Cuban Women by Occupation Cuban Female Models, Cuban Women Writers, Gertrudis Gï¿½mez de Avellaneda, Ana Marï¿½a Simo, Ariana Barouk
Please note that the content of this book primarily consists of articles available from Wikipedia or other free sources online. Pages: 104. Not illustrated. Chapters: Cuban Female Models, Cuban Women Writers, Gertrudis Gomez de Avellaneda, Ana Maria More...
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Publisher: General Books LLC
Size: 6.00" wide x 9.00" long x 0.25" tall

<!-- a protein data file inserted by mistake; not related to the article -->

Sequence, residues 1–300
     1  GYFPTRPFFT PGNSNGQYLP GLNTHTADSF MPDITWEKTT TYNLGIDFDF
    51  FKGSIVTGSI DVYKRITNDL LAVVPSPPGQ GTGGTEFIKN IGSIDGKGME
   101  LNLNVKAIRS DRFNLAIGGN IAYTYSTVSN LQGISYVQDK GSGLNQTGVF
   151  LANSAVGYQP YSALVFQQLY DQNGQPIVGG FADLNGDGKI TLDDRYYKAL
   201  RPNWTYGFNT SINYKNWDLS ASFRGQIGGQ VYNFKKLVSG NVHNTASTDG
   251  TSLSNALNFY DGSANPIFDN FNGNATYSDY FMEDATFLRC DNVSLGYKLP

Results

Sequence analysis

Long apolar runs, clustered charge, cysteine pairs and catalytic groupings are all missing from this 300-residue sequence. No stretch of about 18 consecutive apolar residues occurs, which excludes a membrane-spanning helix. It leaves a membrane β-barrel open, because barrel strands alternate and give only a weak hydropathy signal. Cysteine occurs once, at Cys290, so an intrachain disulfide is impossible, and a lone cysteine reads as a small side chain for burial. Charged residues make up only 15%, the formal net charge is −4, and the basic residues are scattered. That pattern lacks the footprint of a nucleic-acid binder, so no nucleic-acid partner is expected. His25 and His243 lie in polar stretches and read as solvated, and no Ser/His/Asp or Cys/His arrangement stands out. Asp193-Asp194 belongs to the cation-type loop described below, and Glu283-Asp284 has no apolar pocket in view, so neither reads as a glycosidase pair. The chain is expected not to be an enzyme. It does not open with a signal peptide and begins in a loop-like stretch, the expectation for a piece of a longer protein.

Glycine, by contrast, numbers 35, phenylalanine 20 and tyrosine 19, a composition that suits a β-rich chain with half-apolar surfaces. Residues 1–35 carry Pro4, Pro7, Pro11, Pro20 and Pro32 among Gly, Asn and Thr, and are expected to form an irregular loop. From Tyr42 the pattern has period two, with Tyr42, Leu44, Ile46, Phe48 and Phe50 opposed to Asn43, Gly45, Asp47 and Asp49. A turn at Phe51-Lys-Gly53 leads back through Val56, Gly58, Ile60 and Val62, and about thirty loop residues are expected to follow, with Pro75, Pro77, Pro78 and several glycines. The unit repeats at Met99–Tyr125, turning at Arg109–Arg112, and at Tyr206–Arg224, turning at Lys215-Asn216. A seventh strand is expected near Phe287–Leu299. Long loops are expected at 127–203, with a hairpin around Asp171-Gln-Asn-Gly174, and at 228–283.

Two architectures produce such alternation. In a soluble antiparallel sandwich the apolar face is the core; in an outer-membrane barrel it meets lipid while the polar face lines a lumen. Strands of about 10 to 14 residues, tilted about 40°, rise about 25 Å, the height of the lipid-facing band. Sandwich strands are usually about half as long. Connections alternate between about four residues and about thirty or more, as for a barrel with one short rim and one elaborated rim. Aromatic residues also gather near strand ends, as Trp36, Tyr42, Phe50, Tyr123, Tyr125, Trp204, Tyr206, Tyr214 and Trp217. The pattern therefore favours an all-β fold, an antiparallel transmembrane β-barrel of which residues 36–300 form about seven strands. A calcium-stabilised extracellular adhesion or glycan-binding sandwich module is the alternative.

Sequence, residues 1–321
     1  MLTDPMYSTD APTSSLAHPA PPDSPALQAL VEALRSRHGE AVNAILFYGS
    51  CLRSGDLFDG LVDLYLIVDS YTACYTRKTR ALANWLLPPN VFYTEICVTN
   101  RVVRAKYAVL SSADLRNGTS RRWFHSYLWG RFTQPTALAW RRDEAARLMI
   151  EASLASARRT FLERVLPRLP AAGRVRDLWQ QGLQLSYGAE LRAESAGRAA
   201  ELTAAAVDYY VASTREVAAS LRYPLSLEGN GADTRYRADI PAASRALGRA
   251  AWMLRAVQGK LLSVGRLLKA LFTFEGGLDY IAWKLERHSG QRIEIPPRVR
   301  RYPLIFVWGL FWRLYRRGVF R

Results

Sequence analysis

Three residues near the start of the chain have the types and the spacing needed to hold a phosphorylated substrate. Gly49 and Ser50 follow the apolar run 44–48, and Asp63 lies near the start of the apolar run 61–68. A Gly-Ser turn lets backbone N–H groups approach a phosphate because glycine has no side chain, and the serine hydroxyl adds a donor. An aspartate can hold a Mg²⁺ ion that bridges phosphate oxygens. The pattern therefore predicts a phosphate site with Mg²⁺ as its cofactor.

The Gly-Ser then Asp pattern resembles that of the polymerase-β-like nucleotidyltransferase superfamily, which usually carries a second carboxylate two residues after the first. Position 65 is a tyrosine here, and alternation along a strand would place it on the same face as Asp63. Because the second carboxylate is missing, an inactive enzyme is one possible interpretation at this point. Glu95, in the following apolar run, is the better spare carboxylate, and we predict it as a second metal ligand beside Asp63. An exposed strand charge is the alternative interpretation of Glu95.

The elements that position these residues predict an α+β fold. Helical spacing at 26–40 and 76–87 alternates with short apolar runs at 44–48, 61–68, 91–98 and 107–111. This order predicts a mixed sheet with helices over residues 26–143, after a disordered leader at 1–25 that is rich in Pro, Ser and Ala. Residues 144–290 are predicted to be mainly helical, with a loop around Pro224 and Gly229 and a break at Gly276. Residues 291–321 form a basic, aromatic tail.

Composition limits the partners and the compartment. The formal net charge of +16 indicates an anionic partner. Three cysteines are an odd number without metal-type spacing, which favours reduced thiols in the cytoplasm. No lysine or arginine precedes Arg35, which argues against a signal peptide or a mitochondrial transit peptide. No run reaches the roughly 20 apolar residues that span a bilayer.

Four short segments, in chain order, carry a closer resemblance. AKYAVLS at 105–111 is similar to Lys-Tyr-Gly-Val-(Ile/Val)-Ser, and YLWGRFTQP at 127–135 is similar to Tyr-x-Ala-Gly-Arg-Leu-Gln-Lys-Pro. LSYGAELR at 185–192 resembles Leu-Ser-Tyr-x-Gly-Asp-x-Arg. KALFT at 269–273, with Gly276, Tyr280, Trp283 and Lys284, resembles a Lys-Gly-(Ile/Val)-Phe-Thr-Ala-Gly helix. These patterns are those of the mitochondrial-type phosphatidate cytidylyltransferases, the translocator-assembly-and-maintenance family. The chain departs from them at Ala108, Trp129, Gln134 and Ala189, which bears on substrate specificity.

Please note that the content of this book primarily consists of articles available from Wikipedia or other free sources online. Pages: 104. Not illustrated. Chapters: Cuban Female Models, Cuban Women Writers, Gertrudis Gomez de Avellaneda, Ana Maria Simo, Ariana Barouk, Daina Chaviano, Lydia Cabrera, Dulce Maria Loynaz, Nancy Morejon, Vida Guerra, Mayra Veronica, Sissi, Dora Alonso, Karla Suarez, Nivaria Tejera, Yanitzia Canetti, Odalys Garcia, Emma Romeu, Sagia Castaneda, Alba de Cespedes Y Bertini, Jamillette Gaxiola, Carolina Garcia-Aguilera, Wendy Guerra, Zoe Valdes, Cecilia Samartin, Julieta Campos, Mireya Robles, Carilda Oliver Labra, Daisy Valls, Gilda Antonia Guillen, Isis Finlay. Excerpt: Gertrudis Gomez de Avellaneda y Arteaga (March 23, 1814 February 1, 1873) was a Cuban writer of the 19th century. Woodcut of Gertrudis Gomez de AvellanedaGertrudis Gomez de Avellaneda y Arteaga, widely known as la Avellaneda, was born in Santa Maria de Puerto Principe (modern day Camaguey), Cuba. She came from a noble background; her father, Manuel Gomez de Avellaneda, was a descendent of the royal family of Navarre and aristocracy of Vizcaya of Spain, and also a commander of the Spanish navy in charge of the central regions of Cuba. Her mother, Francisca de Arteaga y Betancourt, was also from a wealthy Spanish family that had lived in Puerto Principe. It is said that her mothers family is the one that inspired the family in her first novel, Sab. As a child la Avellaneda was not interested in feminine materials. She was given a tutor and soon became engulfed in the books she was given to read. Her mother tried unsuccessfully to get her daughter away from reading so many books and into the more accepted role of young girls. She even attempted to get la Avellaneda to be more social. Although la Avellaneda did not have many friends, she often took the ones she had and placed them into roles of the plays she had written, taking the male roles for herself. As a young woman ...